“Since light travels faster than sound, people appear bright until you hear them speak.”


“Since light travels faster than sound, people appear bright until you hear them speak.”

A recent letter to the editor about Montevideo police officers had me bemused.

From everything I have seen, our police officers go above and beyond the call of duty, have gone out of their way to be friendly and connect with the community, and strive to keep the community safe.

If others’ experiences have been different, I tend to wonder what type of company they are keeping.

I find it difficult to believe the police are setting “traps” for drunk drivers, but if they are, is that really so bad? We do not need drunk drivers on the roads. Whether they are driving three miles, 30 miles or 300 miles, they are still a hazard.

Times have changed. Police have many duties and responsibilities. They do not have time to go around taking people’s keys who have sat bellyup for too long and drive them home. That is why we have friends, taxis, and if nothing else, legs.

If police were “circling” certain areas of town it may be due to the fact that they are patrol officers and that is what they do. They drive around patroling, “circling” town.

Perhaps a little paranoid to think they were targeting certain areas or specific people. But, if they were, it might be because they had reason. Perhaps they received a tip or a complaint and were doing their job, following a lead.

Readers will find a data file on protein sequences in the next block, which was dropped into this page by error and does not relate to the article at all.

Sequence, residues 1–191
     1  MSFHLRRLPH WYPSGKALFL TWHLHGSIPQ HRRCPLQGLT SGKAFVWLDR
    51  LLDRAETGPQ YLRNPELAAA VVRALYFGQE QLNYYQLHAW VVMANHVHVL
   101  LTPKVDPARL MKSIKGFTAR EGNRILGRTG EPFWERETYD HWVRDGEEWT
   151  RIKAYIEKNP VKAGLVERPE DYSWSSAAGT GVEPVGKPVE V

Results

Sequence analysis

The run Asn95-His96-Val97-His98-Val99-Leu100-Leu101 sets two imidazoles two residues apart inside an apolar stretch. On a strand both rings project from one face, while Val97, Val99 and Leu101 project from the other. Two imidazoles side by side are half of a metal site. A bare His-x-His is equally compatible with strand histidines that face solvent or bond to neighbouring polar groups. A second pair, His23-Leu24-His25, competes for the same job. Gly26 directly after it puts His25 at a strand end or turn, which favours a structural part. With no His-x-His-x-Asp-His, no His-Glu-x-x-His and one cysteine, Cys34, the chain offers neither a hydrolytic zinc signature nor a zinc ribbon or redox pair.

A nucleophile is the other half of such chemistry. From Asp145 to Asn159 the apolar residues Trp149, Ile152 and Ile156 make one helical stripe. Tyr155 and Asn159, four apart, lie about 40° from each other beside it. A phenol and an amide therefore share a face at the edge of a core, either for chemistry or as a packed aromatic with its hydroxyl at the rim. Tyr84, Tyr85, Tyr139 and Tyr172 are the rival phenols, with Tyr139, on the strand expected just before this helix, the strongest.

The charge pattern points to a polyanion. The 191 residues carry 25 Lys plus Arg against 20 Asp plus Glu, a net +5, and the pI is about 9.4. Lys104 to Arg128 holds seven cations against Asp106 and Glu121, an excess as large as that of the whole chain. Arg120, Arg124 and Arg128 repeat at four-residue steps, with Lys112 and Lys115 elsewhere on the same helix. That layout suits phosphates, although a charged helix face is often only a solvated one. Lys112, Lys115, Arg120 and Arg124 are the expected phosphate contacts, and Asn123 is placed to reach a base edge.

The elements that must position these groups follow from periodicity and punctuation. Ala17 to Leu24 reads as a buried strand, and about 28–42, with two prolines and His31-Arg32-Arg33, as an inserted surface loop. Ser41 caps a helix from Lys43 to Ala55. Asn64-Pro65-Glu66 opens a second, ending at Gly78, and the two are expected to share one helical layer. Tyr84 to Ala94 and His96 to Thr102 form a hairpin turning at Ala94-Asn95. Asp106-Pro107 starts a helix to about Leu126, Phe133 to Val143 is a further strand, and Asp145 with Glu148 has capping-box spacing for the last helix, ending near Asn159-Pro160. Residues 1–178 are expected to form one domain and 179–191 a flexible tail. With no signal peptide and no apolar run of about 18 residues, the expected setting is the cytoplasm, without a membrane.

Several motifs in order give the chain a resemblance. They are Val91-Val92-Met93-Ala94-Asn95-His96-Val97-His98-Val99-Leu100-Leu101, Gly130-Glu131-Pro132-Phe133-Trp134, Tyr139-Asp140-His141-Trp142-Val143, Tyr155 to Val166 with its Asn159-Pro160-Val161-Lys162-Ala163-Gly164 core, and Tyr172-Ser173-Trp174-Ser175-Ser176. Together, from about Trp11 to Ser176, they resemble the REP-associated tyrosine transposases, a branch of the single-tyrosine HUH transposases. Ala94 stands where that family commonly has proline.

If fewer were on patrol Wednesday evening, perhaps there is more patrol on a weekend evening than a week night.

If by chance one or two officers are harrassing individuals, it should be brought to the attention of the chief, and not be assumed that Montevideo police are out to get people.

The Montevideo police are respectful, have a good work ethic and a huge responsibility. They continue to do a tremendous job and should be commended, not criticized, for doing their job. It is unfair to judge until you have walked in one’s shoes.

Quote of the day:
“Before you criticize someone, you should walk a mile in their shoes. That way when you criticize them, you are a mile away from them and you have their shoes.”
—Jack Handey